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May 2019

Dragon Quest XI: Echoes of an Elusive Age

Platform(s): Nintendo Switch, PC, PlayStation 4
Genre: RPG/Action
Publisher: Square Enix
Developer: Square Enix
Release Date: Sept. 4, 2018


PS4 Review - 'Dragon Quest XI: Echoes of an Elusive Age'

by Chris "Atom" DeAngelus on Sept. 13, 2018 @ 2:00 a.m. PDT

Dragon Quest XI continues the gameplay of previous games in the series, in which players explore worlds and fight against various monsters, including the ability to explore high areas.

Buy Dragon Quest XI: Echoes of an Elusive Age

Dragon Quest is basically the first meaningful JRPG, and in Japan, the franchise has survived since the days of NES with little to no drop in popularity. With the exception of the Japan-only MMO, Dragon Quest X, you know exactly what you're going to get when you pick up a Dragon Quest game.  Perhaps it's no surprise that Dragon Quest XI: Echoes of an Elusive Age is a safe game that adheres to the franchise's tropes almost to the letter. More importantly, DQ11 is a great example of how safe isn't the same as bad.

DQ11 follows the now-familiar stereotypes of the franchise. Players are placed in the role of a nameless silent protagonist who's the kidnapped scion of royalty and has a mysterious power. He's destined to fight evil, so he does. Before long, he's embroiled in a quest that takes him across the world to face evil, meet new people, and in general do the hero thing. It's a standard plot that has enough surprises to keep players interested. It's tough to say a lot without spoiling the more engaging plot twists, but not everything is as it appears.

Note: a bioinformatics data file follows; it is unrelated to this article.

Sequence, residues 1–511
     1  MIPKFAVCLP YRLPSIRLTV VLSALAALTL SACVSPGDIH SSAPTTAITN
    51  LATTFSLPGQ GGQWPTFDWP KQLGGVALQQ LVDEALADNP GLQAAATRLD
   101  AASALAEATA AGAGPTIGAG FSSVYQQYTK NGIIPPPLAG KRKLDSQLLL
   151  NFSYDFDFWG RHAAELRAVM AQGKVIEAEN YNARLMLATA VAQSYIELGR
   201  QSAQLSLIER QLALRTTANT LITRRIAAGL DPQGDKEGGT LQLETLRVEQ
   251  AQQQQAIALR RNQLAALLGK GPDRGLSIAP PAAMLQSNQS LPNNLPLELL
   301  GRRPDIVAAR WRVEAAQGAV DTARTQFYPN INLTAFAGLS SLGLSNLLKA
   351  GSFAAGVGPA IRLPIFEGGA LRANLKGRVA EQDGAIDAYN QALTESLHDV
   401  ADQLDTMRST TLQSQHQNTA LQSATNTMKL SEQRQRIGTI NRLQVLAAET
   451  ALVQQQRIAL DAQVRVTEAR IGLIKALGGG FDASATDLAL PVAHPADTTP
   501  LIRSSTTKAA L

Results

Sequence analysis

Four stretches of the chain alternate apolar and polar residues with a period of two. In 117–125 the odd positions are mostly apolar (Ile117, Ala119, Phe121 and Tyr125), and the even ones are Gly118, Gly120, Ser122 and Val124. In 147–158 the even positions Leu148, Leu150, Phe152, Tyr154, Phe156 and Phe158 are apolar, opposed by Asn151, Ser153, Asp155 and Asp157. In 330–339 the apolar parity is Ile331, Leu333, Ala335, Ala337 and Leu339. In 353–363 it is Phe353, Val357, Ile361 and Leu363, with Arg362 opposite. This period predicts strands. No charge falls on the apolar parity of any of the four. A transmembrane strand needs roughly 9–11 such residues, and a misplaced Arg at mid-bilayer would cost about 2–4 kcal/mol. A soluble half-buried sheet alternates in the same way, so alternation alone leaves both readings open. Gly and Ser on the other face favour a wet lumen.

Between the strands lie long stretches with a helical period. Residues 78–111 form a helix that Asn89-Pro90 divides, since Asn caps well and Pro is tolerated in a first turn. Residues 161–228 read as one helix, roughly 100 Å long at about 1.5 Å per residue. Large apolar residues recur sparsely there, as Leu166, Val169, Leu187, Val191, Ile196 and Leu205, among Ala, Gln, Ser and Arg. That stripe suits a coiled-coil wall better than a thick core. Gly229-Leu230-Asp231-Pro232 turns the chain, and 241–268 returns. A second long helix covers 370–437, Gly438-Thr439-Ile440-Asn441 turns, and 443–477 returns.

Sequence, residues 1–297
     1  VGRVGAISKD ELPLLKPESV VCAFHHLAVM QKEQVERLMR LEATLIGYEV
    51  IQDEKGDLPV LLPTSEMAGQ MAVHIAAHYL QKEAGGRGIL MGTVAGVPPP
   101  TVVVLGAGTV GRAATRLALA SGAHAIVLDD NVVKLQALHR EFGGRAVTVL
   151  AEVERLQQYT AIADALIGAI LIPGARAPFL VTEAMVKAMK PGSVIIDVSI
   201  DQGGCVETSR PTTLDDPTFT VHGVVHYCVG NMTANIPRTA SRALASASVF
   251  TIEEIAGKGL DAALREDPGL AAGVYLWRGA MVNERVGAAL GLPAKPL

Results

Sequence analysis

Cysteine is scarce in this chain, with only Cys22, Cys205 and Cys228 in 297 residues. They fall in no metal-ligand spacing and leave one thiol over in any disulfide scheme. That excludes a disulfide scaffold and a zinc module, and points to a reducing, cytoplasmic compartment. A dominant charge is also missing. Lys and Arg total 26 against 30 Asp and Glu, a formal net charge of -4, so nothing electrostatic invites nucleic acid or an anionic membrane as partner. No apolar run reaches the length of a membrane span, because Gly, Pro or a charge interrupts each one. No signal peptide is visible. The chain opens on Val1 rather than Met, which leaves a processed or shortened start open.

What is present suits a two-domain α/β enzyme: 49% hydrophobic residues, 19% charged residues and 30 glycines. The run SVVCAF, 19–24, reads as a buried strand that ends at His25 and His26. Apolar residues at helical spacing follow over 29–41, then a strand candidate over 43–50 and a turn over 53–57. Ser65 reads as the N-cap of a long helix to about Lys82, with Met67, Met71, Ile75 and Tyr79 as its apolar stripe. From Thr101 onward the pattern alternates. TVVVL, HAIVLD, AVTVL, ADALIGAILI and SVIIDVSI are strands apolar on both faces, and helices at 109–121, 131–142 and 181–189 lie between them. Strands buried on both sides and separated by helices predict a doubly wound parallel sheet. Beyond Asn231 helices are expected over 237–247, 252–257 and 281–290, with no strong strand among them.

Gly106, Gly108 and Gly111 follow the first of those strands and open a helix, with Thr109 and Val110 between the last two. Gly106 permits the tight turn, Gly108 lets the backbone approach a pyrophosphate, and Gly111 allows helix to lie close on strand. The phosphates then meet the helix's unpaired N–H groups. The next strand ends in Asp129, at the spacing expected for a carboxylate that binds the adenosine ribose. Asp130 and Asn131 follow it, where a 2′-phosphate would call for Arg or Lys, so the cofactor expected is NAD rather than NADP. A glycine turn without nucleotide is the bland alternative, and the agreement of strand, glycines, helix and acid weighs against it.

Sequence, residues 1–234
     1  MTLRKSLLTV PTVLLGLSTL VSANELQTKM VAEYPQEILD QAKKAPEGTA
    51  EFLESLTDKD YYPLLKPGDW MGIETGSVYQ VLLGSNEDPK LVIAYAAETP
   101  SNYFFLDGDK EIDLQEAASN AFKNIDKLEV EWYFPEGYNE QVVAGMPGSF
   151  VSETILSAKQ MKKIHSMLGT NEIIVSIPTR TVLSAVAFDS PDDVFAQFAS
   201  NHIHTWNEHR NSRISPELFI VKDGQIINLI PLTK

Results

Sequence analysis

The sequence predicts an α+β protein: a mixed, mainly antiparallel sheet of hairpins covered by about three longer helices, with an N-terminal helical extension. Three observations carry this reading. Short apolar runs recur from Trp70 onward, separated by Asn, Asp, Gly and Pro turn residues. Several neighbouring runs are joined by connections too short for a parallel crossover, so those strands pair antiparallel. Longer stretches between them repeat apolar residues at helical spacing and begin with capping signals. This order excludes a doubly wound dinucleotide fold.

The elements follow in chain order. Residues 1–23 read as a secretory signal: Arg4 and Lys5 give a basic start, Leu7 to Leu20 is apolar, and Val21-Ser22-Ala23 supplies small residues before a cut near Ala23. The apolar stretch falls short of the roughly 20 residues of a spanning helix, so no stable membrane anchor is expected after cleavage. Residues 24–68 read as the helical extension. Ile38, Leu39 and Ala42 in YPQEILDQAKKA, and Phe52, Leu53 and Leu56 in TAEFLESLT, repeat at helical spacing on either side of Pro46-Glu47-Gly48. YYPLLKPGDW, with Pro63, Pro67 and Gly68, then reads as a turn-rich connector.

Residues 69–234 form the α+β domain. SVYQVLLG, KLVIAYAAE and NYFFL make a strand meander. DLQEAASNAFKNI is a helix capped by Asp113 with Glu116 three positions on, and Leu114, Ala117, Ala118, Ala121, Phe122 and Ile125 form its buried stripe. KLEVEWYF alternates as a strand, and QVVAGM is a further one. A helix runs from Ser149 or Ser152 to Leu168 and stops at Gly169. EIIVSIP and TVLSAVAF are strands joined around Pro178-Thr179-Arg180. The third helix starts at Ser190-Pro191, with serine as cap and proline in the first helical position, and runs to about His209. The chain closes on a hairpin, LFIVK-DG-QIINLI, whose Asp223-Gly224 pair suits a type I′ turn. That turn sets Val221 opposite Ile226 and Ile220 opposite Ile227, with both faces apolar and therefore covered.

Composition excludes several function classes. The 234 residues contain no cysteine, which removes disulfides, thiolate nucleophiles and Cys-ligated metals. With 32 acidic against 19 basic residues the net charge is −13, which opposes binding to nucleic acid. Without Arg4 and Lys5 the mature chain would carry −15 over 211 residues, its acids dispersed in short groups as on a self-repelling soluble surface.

DQ11 has a remarkably enjoyable cast. The standout was an entertainer who manages to be both campy and completely awesome, but there were no real bad points in the cast. The only possible exception might be that the silent protagonist is a forgettable nobody. This hasn't always been the case (DQ5 managed to make it work), but DQ11 doesn't. He has a story, but at the end of the day, he's just there to be the dull guy you control while the infinitely more interesting supporting cast carries the game. Thankfully, DQ11 may have the best cast in Dragon Quest history.

As far as gameplay goes, DQ11 is predictable. If you've ever played a standard JRPG, you'll know what's involved. You and the enemy take turns battling one another until one side falls, and spells are controlled with MP. You have mages and healers and thieves, and there are some handwaves at making the system more involved, but they're either minor (Pep is a modified version of Tension from DQ7) or ignorable. DQ11's combat is the franchise's standard, and figuring out how to effectively combine character skills to defeat tough bosses is a lot of fun. There are enough minor character customizations to help you feel like you're building a character.

DQ11 is also by-the-book when it comes to exploration. This isn't an open-world game; it follows the same basic linear path as the other games in the franchise, where you venture from town to dungeon. You generally don't walk in linear corridors, but neither are you free to explore. The game does a good job of making this feel natural and earned rather than restrictive, and there's just enough trail that's off the beaten path to keep you interested. You'll never be able to choose where you want to go, and backtracking is entirely meaningless, but some exploration can lead to valuable gear or rare items.

The game is fairly guided, so big bubbles over people's heads let you know if they're worth talking to or if they're going to say some meaningless NPC babble. Considering the game's length, side-quests are few and far between, but they're worth undertaking  to get crafting materials or earn EXP to avoid having to grind. Speaking of grinding, DQ11 seems to expect it, but clever usage of abilities can go a long way. Even one or two levels can have a tremendous impact on the difficulty of a boss fight.